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merry-makers burst out of it, and sported off by the chimney, — rushing up the middle in a fiery country dance, and never coming down again. Meanwhile, by their sparkling light, which threw our lamp into the shade, I filled the glasses, and gave my Travellers, CHRISTMAS! - CHRISTMAS EVE, my friends, when the shepherds, who were Poor Travellers, too, in their way, heard the Angels sing, “On earth, peace. Good-will towards men!”
I don't know who was the first among us to think that we ought to take hands as we sat, in deference to the toast, or whether any one of us anticipated the others, but at any rate we all did it. We then drank to the memory of the good Master Richard Watts. And I wish his Ghost may never have had worse usage under that roof than it had from us.
It was the witching time for story-telling. “Our whole life, Travellers," said I, “is a story more or less intelligible, — generally less; but we shall read it by a clearer light when it is ended. I, for
one, am so divided this night between fact and fiction that I scarce know which is which. Shall I beguile the time by telling you a story as we sit here?”i
My story being finished, and the Wassail, too, we broke up as the Cathedral bell struck Twelve. I did not take leave of my travellers that night; for it had come into my head to reappear, in conjunction with some hot coffee, at seven in the morning.
1 Here followed a group of stories, of which Dickens wrote one, and when the stories had all been told, he wound up the entertainment with the sketch entitled The Road.
As I passed along the High Street, I heard the Waits at a distance, and struck off to find them. They were playing near one of the old gates of the city, at the corner of a wonderfully quaint row of red brick tenements, which the clarionet obligingly informed me were inhabited by the Minor Canons. They had odd little porches over the doors, like sounding - boards over old pulpits; and I thought I should like to see one of the Minor Canons come out upon his top step, and favor us with a little Christmas discourse about the poor scholars of Rochester; taking for his text the words of his Master, relative to the devouring of Widows' houses.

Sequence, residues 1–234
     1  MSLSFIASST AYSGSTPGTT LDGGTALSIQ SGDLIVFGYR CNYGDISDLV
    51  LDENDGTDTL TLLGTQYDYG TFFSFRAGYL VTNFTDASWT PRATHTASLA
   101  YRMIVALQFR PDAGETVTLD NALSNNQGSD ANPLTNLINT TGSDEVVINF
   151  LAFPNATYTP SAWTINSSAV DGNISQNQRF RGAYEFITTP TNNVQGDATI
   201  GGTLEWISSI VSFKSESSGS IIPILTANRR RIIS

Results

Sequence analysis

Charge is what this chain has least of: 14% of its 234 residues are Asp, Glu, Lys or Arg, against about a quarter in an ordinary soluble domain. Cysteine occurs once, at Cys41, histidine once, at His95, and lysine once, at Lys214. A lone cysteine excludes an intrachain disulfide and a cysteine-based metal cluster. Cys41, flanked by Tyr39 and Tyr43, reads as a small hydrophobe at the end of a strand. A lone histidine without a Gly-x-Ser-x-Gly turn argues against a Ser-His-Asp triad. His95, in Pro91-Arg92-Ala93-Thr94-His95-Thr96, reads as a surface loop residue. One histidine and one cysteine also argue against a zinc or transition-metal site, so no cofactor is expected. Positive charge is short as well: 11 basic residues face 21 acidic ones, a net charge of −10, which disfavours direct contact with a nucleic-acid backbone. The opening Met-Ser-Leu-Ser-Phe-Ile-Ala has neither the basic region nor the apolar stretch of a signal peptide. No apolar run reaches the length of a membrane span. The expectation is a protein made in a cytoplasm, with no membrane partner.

The clarionet was so communicative, and my inclinations were (as they generally are) of so vagabond a tendency, that I accompanied the Waits across an open green called the Vines, and assisted in the French sense - at the performance of two waltzes, two polkas, and three Irish melodies, before I thought of my inn any more. However, I returned to it then, and found a fiddle in the kitchen, and Ben, the walleyed young man, and two chamber-maids circling round the great deal table with the utmost animation.
I had a very bad night. It cannot have been owing to the turkey or the beef, — and the Wassail is out of the question, - but in every endeavor that I made to get to sleep I failed most dismally. I was never asleep; and in whatsoever unreasonable direction my mind rambled, the effigy of Master Richard Watts perpetually embarrassed it.
In a word, I only got out of the Worshipful Master Richard Watts's way by getting out of bed in the dark at six o'clock, and tumbling, as my custom is, into all the cold water that could be accumulated for the